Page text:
Sullivan, R. C.; Demott, P. J.; Prenni, A. J.; Minambres, L.; Kreidenweis, S. M.; Moehler, O.

2010-12-01

358

A double dissociation between sensorimotor impairments and reading disability: A comparison of autistic and dyslexic children  

Microsoft Academic Search

Does sensorimotor dysfunction underlie reading impairment? To investigate this question, a battery of literacy, phonology, auditory, visual, and motor tests were administered to age- and ability-matched groups of dyslexic, autistic, and control children. As in previous studies, only a subset of the dyslexic children had sensory and\\/or motor impairments, whilst some dyslexics were entirely spared, suggesting that sensorimotor impairments are

Sarah White; Uta Frith; Elizabeth Milne; Stuart Rosen; John Swettenham; Franck Ramus

2006-01-01

359

Effect of Phonological Training in French Children with SLI: Perspectives on Voicing Identification, Discrimination and Categorical Perception  

ERIC Educational Resources Information Center

The aim of the present study was to investigate the effect of auditory training on voicing perception in French children with specific language impairment (SLI). We used an adaptive discrimination training that was centred across the French phonological boundary (0 ms voice onset time--VOT). One group of nine children with SLI attended eighteen…

Collet, G.; Colin, C.; Serniclaes, W.; Hoonhorst, I.; Markessis, E.; Deltenre, P.; Leybaert, J.

2012-01-01

360

Reading speed and phonological awareness deficits among Arabic-speaking children with dyslexia.  

PubMed

Although reading accuracy of isolated words and phonological awareness represent the main criteria of subtyping developmental dyslexia, there is increasing evidence that reduced reading speed also represents a defining characteristic. In the present study, reading speed and accuracy were measured in Arabic-speaking phonological and mixed dyslexic children matched with controls of the same age. Participants in third and fourth grades, aged from 9-10 to 9-8 years, were given single frequent and infrequent word and pseudo-word reading and phonological awareness tasks. Results showed that the group with dyslexia scored significantly lower than controls in accuracy and speed in reading tasks. Phonological and mixed dyslexic subgroups differed in infrequent and frequent word reading accuracy, the latter being worse. In contrast, the subgroups were comparable in pseudo-word identification and phonological awareness. Delayed phonological and recognition processes of infrequent and frequent words, respectively, were placed in the context of the dual route model of reading and the specific orthographic features of the Arabic language. PMID:25515022

Layes, Smail; Lalonde, Robert; Rebaï, Mohamed

2015-02-01

361

Phonological sensitivity and the acquisition of new words in children.  

PubMed

Two studies are reported which aimed to examine the relationship between phonological sensitivity and the acquisition of new words that systematically differed in the familiarity of their sound structures. In the first study measures of phonological sensitivity, phonological short-term memory, vocabulary, and nonverbal ability were administered to forty-one 5-year-old children. Phonological sensitivity was related to the paired-associate learning of phonologically unfamiliar words, but not to the learning of familiar words. In the second study a group of 14 nonreading 5-year-old children received phonological sensitivity training. A control group was trained in semantic categorization. After the training, the phonological sensitivity group did perform better on measures of letter knowledge and phonological sensitivity (rhyme and first-sound categorization) and appeared to learn phonologically unfamiliar words more easily. The findings of both studies suggest that phonological sensitivity can support the acquisition of novel words. PMID:10882476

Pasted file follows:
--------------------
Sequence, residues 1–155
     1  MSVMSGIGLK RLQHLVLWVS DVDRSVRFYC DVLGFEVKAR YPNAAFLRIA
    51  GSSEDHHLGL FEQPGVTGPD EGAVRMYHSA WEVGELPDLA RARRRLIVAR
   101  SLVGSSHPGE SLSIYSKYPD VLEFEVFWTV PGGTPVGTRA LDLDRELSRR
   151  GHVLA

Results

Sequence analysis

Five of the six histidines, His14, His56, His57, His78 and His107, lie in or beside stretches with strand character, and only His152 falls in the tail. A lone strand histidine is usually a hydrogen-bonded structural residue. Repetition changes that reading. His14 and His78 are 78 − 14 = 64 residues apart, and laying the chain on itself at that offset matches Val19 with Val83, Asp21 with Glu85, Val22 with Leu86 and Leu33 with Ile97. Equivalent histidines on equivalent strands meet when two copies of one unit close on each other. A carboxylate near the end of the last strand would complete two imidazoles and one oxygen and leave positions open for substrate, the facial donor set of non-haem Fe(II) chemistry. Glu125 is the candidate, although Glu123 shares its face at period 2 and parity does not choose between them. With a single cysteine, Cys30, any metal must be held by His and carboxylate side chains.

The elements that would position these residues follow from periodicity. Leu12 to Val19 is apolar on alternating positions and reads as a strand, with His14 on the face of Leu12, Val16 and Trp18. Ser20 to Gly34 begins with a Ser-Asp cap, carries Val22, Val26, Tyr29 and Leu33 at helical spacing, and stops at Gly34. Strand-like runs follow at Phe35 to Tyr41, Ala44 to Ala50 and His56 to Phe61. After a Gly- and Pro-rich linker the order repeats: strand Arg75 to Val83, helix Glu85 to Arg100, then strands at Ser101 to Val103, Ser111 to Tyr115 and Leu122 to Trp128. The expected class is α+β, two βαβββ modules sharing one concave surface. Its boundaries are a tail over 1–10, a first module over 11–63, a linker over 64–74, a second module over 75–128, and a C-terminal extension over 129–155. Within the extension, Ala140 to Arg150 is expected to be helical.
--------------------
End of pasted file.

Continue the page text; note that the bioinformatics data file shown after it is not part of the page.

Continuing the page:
de Jong, P F; Seveke, M J; van Veen, M

2000-08-01

362

Processing of speech and non-speech stimuli in children with specific language impairment  

NASA Astrophysics Data System (ADS)

Specific Language Impairment (SLI) is a developmental language disorder in which children demonstrate varying degrees of difficulties in acquiring a spoken language. One possible underlying cause is that children with SLI have deficits in processing sounds that are of short duration or when they are presented rapidly. Studies so far have compared their performance on speech and nonspeech sounds of unequal complexity. Hence, it is still unclear whether the deficit is specific to the perception of speech sounds or whether it more generally affects the auditory function. The current study aims to answer this question by comparing the performance of children with SLI on speech and nonspeech sounds synthesized from sine-wave stimuli. The children will be tested using the classic categorical perception paradigm that includes both the identification and discrimination of stimuli along a continuum. If there is a deficit in the performance on both speech and nonspeech tasks, it will show that these children have a deficit in processing complex sounds. Poor performance on only the speech sounds will indicate that the deficit is more related to language. The findings will offer insights into the exact nature of the speech perception deficits in children with SLI. [Work supported by ASHF.

Basu, Madhavi L.; Surprenant, Aimee M.

2003-10-01

363

Elevated copper ion levels as potential cause of impaired kinesin-dependent transport processes.  

PubMed